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CHICAGO (AP) — Two Chicago universities competing to host President Barack Obama's presidential library are scrambling to address major concerns raised by the foundation picking the future site, with Chicago's mayor stepping in to ensure his city stays competitive.
The Barack Obama Foundation, formed by longtime Obama associates, is currently screening two proposals from Chicago and one each from Honolulu and New York. But Chicago's two bids, submitted earlier this month, set off red flags for the foundation's board over land control and university leadership, according to a person close to the foundation.
The University of Chicago, a private school near Obama's South Side home, has long been perceived as a front-runner due to its close ties to the Obamas. But the three sites the university has proposed are on Chicago Park District land, and the university can't prove it could secure the land if it was selected, the person said.
Chicago's other proposal, from the public University of Illinois at Chicago, raised questions about how changes in leadership will affect the school's future, the person said. The campus and University of Illinois system are expected to have a new president, chancellor and board chairman within the next year. The person wasn't authorized to comment publicly and demanded anonymity.
It was unclear whether either school's bid was in serious jeopardy or whether, by drawing attention to the issues now, the foundation hoped to spur the universities to act quickly to improve their proposals.
The city of Chicago confirmed that the foundation has raised concerns about the University of Chicago bid. Mayor Rahm Emanuel, Obama's former chief of staff, has been a vocal proponent for the city's bids, but putting it on park land would require the park district's sign-off.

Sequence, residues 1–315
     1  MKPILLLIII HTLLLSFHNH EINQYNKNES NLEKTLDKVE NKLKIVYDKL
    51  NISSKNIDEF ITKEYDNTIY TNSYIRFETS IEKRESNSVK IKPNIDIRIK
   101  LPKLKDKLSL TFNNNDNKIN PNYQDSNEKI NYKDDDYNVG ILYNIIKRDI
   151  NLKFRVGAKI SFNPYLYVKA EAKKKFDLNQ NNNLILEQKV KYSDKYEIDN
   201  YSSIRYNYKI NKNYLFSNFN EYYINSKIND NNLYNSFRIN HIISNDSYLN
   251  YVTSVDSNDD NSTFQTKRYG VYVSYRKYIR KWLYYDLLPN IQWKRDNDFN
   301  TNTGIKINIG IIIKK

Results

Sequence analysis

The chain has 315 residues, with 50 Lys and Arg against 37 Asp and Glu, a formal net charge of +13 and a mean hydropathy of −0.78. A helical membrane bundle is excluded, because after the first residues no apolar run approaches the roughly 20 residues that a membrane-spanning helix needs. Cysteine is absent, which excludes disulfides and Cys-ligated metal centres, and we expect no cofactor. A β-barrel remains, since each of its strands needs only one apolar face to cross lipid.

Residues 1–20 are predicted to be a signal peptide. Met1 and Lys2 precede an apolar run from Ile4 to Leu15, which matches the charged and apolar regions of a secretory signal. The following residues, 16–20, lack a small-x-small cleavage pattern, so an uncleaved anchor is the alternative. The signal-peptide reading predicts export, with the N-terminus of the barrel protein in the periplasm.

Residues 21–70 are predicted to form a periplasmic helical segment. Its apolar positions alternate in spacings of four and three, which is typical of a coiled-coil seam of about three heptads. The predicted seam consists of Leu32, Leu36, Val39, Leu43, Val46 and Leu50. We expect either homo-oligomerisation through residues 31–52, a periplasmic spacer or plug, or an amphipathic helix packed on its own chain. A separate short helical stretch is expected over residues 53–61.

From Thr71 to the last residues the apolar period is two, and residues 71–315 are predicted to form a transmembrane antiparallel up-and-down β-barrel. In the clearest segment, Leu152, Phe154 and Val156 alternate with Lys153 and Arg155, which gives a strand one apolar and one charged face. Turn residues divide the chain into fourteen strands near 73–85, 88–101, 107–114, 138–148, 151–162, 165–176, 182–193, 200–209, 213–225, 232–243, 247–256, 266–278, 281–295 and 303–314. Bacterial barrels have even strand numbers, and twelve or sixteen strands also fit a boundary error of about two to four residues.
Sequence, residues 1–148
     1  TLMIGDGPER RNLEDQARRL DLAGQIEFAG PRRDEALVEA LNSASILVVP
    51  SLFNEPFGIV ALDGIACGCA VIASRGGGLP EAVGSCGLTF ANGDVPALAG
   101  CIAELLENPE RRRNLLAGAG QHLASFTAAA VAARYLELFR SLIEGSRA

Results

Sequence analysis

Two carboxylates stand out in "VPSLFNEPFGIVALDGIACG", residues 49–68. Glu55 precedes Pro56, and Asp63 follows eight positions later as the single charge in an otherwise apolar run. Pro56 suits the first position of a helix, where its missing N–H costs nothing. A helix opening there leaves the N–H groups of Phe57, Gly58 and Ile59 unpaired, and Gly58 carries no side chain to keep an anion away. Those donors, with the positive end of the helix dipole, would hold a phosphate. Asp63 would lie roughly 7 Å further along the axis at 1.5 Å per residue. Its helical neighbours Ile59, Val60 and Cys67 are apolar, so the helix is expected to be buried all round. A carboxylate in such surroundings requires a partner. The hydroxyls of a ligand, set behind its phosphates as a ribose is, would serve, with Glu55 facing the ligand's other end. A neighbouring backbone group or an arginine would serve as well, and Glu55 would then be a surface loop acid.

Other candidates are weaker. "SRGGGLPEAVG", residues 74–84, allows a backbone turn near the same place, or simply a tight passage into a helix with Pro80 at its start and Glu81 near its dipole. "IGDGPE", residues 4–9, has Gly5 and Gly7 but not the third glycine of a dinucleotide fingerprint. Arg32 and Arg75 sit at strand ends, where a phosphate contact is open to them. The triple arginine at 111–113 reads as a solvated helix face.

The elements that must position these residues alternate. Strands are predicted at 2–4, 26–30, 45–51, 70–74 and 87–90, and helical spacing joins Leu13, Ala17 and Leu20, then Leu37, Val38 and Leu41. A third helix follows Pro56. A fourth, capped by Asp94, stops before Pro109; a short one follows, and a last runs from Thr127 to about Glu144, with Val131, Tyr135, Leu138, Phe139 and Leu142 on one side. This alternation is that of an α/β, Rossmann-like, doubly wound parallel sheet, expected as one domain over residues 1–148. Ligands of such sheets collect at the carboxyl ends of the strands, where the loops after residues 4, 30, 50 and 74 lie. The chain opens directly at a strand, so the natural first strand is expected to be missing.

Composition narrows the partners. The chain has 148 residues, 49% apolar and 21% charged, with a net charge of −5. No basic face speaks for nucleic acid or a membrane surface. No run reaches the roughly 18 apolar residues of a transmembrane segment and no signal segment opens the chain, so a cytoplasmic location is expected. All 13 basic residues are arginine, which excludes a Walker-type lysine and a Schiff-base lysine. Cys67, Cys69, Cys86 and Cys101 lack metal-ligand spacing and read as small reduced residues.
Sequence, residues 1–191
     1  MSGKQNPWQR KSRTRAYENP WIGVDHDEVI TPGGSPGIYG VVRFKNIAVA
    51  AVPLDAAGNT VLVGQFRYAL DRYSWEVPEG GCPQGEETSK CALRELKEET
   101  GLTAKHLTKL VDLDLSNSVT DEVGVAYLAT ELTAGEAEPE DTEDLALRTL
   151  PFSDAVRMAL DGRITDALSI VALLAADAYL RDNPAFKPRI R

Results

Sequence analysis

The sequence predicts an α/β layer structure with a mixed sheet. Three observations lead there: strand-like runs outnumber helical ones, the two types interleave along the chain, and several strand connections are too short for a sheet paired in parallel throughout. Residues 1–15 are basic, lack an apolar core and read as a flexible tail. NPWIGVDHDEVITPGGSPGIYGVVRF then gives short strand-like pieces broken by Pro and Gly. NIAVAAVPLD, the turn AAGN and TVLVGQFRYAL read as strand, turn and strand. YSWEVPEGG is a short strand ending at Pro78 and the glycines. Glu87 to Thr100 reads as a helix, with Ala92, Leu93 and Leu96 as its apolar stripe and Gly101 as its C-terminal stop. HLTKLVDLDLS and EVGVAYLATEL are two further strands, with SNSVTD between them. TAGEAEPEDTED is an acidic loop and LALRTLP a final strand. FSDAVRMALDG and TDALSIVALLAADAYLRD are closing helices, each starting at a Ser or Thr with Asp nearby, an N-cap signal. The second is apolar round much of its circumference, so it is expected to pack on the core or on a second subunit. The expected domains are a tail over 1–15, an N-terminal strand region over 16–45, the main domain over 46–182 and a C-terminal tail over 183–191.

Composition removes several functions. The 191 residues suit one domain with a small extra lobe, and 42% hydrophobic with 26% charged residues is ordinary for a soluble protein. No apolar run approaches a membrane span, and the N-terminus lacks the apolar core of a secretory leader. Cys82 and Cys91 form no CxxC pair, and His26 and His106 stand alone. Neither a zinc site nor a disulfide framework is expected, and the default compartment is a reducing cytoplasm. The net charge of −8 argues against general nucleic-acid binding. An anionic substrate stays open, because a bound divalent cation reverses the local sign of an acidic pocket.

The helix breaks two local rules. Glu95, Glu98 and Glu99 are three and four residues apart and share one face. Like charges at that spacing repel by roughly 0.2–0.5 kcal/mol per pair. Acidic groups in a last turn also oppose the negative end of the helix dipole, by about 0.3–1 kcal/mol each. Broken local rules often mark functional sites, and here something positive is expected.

"The mayor is committed to bringing the library home to Chicago, and we continue to work with the foundation to ensure all Chicago bids remain competitive," said David Spielfogel, the mayor's senior adviser.
Although the park district's board president, Bryan Traubert, is married to Obama's longtime friend and Commerce Secretary Penny Pritzker, Traubert has recused himself. Other attempts to build on park land have drawn consternation from groups like Friends of the Parks. The group sued to block "Star Wars" creator George Lucas from building a museum on park acreage.
One potential option could be for city to acquire the land from the park district if Chicago is picked for the library. The city could return the property to the park system if another bid is selected. Spielfogel said all options were being considered but that Emanuel will "only consider potential sites that ensure park land remains under public control and that the surrounding communities have a say in the process."
Obama's foundation, in a statement, said it would consider many criteria before choosing the school that offers the best complete package. The University of Illinois said that Obama's foundation "should feel confident in the university leadership's ongoing support," adding that the incoming Illinois governor will fill vacant trustee slots in January. The University of Chicago had no immediate reaction.
The University of Hawaii and Columbia University, the other two schools in contention, both have secured attractive real estate that could house the library.
Lederman reported from Honolulu.
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